Editorial: Weak and divided—United action can beat Turnbull

Malcolm Turnbull’s headaches are growing larger and larger as he falls further behind in the opinion polls. If an election was held today, Labor would win decisively. Even Treasurer Scott Morrison has admitted the public is just not listening to Turnbull any more.

Things went from bad to worse following Turnbull’s speech in London as he tried to claim the legacy of Liberal Party founder Robert Menzies, for himself. It has blown up in his face, as the Liberal Party tears itself apart over whether or not they are conservative. They are!

But as Turnbull falls further in the polls, the divisions in the Liberal party get deeper. There are arguments over climate change, renewable energy, and equal marriage.

And Tony Abbott fuels the divisions in the background, sniping over immigration, submarines and school funding.

Turnbull has made a fool of himself by refusing to say Abbott’s name in media interviews.

Meanwhile, Labor’s Bill Shorten is tacking to the left, promising to reverse Turnbull’s tax cuts for millionaires and high-income earners, and overturn the cuts to penalty rates.

Desperate to gain some political advantage, the Liberals have resorted to fomenting more racism and Islamophobia with their amendments to the Citizenship Act. Its university-standard English language test and extended four-year wait time are discriminatory and divisive. The “Australian values” questions are Islamophobic and racist.

In a very welcome move, Labor has broken its usual unity ticket with the Liberals over national security. After umming and ahhing over the citizenship bill, Labor now says it will oppose it. A defeat for the bill will be a serious setback for the Liberals.

But Labor is a long way from embracing the kind of radical platform that boosted Jeremy Corbyn and Labour in the recent British election. Such a platform of bringing back free education, renationalising the power industry, stopping work for the dole, and increasing benefits and pensions, is something that the union movement will need to fight for.

The Liberals are weak and divided. Now is the time to build a united fightback against Turnbull.

The Greens could be a central element of that fight. They are closer to Corbyn’s radical platform than Labor. That is one reason why the position taken by the majority of the Australian Greens parliamentarians to negotiate with Turnbull over his (private) school funding plan, Gonski 2.0, was such a mistake.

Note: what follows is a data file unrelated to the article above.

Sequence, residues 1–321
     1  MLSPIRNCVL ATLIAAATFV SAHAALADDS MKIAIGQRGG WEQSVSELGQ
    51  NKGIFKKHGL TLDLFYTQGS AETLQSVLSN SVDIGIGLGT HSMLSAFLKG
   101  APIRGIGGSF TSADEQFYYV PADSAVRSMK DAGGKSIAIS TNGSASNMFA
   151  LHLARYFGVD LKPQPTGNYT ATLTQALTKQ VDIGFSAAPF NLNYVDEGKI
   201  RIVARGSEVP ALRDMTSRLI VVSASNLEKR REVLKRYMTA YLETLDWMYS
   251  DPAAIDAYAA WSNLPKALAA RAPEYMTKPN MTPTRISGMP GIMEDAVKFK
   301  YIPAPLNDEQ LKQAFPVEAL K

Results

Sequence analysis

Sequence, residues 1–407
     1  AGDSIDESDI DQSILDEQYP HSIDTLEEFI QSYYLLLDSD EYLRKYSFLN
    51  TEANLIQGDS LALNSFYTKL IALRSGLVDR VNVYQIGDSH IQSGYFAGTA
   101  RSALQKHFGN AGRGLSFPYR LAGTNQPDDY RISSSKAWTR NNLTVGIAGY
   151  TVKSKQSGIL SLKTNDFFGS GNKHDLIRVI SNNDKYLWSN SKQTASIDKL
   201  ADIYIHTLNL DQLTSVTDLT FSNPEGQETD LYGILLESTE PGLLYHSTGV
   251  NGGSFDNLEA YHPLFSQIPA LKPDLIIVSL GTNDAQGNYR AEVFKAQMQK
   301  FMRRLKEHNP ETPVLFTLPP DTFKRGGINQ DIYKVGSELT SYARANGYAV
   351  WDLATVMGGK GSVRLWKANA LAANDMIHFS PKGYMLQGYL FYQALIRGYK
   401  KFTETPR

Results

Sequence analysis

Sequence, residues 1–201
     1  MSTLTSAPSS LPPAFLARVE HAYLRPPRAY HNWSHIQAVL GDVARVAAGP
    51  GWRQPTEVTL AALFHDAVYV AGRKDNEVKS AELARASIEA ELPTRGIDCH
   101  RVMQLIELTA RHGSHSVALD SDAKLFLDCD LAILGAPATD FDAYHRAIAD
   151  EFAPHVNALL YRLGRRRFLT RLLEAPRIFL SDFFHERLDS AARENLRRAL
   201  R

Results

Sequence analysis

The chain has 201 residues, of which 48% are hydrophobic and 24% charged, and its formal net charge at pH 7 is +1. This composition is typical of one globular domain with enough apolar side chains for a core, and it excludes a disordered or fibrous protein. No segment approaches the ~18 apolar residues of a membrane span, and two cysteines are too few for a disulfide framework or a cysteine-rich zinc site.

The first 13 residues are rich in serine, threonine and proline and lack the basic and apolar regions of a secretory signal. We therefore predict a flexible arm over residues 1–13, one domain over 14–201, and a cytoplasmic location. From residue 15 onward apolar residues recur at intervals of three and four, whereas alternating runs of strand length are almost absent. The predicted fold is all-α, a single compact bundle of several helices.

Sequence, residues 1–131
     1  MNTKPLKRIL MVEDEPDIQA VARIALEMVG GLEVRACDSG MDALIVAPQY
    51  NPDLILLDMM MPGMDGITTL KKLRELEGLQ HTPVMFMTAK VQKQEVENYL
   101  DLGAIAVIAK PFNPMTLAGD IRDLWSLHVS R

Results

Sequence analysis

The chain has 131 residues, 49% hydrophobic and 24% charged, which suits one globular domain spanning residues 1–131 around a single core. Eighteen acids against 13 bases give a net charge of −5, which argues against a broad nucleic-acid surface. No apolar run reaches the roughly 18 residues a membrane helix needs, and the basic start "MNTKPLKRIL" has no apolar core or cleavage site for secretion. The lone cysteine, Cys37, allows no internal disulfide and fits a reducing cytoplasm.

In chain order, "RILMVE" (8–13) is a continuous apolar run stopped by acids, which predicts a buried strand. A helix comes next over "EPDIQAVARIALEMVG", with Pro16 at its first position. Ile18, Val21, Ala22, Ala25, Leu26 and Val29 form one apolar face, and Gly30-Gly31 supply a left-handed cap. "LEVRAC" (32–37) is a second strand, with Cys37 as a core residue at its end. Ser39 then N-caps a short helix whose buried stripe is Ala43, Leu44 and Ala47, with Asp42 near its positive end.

If leader Richard Di Natale had got his way, The Greens would have given Turnbull a win and shot themselves in the foot at the same time.

Thankfully, Senator Lee Rhiannon and the NSW Greens opposed voting for Gonski 2.0—which would have boosted funding to private schools at the expense of public schools.

The Greens avoided a Democrats-style GST moment, this time. Socialists have an interest in supporting Lee Rhiannon and the NSW Greens against The Greens “party room”. The fight against Turnbull will be stronger if The Greens are unequivocally a part of it.

Build a fightback

The ACTU has begun to campaign to “change the rules” over strike action, tax and the minimum wage, pointing out that laws like the Fair Work Act and the Australian Building and Construction Commission (ABCC) are stacked in favour of corporations and the rich.

Stopwork rallies played a key role in the union Rights at Work campaign that was crucial to defeating John Howard’s Liberal government. But so far, despite ACTU’s Secretary Sally McManus backing union action to break bad laws, the ACTU campaign is focussed on the next election with videos for social media and appeals to contact MPs.

We need nationwide stopwork action to mobilise the whole union movement for the fight against Turnbull’s war on workers.

Construction unions have now held two nationwide stopwork rallies in their fight against the Construction Code and the ABCC. The CFMEU is discussing further stopwork action against the Code in August, and has called for a combined unions’ delegates meeting on 28 July in Sydney to discuss an all-union response.

The stopwork rallies have helped give workers confidence to say no to the bosses’ efforts to impose new “Code compliant” enterprise agreements that would strip away workers’ conditions and union rights.

Workers at De Martin & Gasparini, a Boral subsidiary in Sydney, have voted down a new agreement, and are now defying its threats to sack them all.

That’s the kind of resistance that the whole union movement needs to mobilise to take on Turnbull, and to kill off the NSW Liberal government’s plan to privatise buses in Sydney’s inner west.

It is strikes and grassroots movements that can build the struggle for real change, against Turnbull and against the system that runs for big business and the rich.


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